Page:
In Liberia’s national program, clinical supervisors like Nohn spend 80 percent of their time traveling by foot, on motorbike, and in canoes to provide monthly, field-based supervision, coaching, and restock to CHWs right in their own homes. Clinical supervisors support CHWs like Odell to master clinical skills like performing a rapid diagnostic test for malaria, using mid-upper arm circumference measurement to screen children for malnutrition, and delivering the correct dose of lifesaving medication. This supervision includes random patient audits to monitor CHWs’ diagnostic and treatment accuracy. Receiving this type of support from Nohn ensured that Odell was able not only to recognize early on that her patient was suffering from a potentially serious condition, but also to understand the importance of quickly referring the woman to the nearest clinic to connect her to the broader primary health care system. Supervisors are identified for their leadership skills and are trained to provide supportive supervision to empower CHWs to identify areas for improvement and strengthen their skills sets.
Recognizing the key role that clinical supervision plays in optimizing CHW performance and strengthening referral pathways, Liberia is focused on cultivating a workforce of skilled clinician leaders who are passionate about improving community health. When asked about her motivation to work as a clinical supervisor, Nohn reflects that she has a passion for the job. “[Children] used to die of common sickness like diarrhea, malaria, and pneumonia,” she reflects, “[Now,] instead of dying, they are surviving and making the community a better one; that’s what keeps me doing this work… I am saving lives in the remote part of Liberia.”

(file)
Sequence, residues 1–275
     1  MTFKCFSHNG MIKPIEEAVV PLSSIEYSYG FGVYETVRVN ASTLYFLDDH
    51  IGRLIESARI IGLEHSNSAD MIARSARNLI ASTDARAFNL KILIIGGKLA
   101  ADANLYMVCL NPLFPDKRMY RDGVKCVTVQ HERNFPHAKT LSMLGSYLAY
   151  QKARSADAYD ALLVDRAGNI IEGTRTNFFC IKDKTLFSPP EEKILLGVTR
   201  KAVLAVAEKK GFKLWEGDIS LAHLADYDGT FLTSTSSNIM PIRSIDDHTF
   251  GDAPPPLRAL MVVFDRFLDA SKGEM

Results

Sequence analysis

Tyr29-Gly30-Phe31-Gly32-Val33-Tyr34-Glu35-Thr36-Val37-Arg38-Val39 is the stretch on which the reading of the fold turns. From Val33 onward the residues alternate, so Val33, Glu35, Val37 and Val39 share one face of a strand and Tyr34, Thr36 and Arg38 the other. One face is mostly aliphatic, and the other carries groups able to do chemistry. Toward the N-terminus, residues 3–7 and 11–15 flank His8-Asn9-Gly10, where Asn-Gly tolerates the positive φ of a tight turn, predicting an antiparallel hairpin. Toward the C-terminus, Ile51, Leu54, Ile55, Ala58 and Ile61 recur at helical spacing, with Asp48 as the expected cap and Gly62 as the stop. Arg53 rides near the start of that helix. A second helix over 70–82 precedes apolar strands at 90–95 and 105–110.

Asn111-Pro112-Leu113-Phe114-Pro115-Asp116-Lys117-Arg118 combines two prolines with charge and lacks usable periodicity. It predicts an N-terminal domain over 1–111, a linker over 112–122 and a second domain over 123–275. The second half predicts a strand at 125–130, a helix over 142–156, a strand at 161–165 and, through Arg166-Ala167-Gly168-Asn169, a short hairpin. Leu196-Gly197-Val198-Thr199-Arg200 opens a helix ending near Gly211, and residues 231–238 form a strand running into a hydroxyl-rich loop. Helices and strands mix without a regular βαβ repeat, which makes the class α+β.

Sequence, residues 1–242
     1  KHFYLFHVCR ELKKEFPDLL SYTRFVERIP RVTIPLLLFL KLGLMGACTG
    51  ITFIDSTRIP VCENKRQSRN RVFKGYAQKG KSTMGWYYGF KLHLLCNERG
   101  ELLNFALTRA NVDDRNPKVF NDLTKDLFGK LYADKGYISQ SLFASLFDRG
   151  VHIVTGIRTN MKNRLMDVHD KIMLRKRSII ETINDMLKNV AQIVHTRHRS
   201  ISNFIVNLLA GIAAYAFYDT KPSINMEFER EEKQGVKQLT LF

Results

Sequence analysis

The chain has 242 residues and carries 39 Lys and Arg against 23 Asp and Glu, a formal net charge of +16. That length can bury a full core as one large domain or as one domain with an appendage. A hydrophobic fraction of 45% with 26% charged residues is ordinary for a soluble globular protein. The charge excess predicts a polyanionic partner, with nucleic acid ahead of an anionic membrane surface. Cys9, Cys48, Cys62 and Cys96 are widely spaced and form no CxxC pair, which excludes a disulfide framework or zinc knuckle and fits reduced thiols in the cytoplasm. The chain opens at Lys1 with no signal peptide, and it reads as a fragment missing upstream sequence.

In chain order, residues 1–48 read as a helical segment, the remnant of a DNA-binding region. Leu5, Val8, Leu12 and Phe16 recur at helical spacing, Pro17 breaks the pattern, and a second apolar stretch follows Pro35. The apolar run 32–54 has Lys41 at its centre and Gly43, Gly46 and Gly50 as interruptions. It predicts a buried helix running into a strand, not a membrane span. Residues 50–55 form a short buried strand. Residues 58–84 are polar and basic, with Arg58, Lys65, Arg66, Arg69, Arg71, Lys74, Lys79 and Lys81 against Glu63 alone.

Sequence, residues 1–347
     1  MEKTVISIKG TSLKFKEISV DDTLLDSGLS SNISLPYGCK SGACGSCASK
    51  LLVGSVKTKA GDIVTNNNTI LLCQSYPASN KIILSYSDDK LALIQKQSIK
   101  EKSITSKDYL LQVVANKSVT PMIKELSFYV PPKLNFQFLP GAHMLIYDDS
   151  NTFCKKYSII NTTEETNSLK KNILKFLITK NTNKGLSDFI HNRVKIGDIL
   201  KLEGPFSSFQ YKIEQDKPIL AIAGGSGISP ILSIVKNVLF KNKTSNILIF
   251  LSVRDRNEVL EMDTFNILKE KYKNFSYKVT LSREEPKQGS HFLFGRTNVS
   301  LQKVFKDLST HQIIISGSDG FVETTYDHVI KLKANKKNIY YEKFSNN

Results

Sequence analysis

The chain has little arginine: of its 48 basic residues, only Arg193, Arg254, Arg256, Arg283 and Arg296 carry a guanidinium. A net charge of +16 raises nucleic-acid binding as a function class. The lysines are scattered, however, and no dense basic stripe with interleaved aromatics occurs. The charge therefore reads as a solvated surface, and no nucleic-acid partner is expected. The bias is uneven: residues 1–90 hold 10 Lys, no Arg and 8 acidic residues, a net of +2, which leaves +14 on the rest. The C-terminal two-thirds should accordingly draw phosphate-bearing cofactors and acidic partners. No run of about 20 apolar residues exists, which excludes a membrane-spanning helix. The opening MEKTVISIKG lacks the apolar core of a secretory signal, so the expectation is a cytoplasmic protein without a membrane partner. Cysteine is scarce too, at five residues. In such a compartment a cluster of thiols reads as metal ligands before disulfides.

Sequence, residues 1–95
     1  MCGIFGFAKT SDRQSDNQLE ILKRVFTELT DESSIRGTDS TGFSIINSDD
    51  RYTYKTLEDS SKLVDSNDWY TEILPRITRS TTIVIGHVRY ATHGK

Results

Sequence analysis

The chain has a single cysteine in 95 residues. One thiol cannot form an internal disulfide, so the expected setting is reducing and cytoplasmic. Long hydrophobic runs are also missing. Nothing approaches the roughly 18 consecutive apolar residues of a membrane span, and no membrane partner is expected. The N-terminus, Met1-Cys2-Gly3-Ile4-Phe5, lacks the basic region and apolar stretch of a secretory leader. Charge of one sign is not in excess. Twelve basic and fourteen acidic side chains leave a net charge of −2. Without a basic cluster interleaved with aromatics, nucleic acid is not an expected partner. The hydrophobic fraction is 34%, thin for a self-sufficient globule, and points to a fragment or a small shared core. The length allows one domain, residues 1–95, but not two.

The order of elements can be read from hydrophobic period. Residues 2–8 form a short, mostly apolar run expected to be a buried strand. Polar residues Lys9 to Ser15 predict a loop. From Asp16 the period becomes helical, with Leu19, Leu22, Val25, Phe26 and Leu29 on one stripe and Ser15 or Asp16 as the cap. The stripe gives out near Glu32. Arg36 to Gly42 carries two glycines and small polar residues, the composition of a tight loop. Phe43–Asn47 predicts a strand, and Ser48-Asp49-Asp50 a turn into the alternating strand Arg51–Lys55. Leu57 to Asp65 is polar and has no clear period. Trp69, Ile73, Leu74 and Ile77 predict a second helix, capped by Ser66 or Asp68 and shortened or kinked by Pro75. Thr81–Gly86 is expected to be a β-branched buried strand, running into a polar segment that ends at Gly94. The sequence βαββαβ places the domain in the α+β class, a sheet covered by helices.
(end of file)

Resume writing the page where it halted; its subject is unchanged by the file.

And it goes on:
Liberia’s CHWs, supported regularly by motivated and trained clinical supervisors, have demonstrated the ability to provide patients at the last mile with high-quality care by extending the reach of an integrated health system. As the world prepares for new commitments to advance universal health coverage at the UN General Assembly and Alma Ata 40th anniversary this fall, we must move beyond nominal extension of primary health service delivery in rural communities and invest in CHW programs with strong supervision structures to ensure quality across the continuum of care.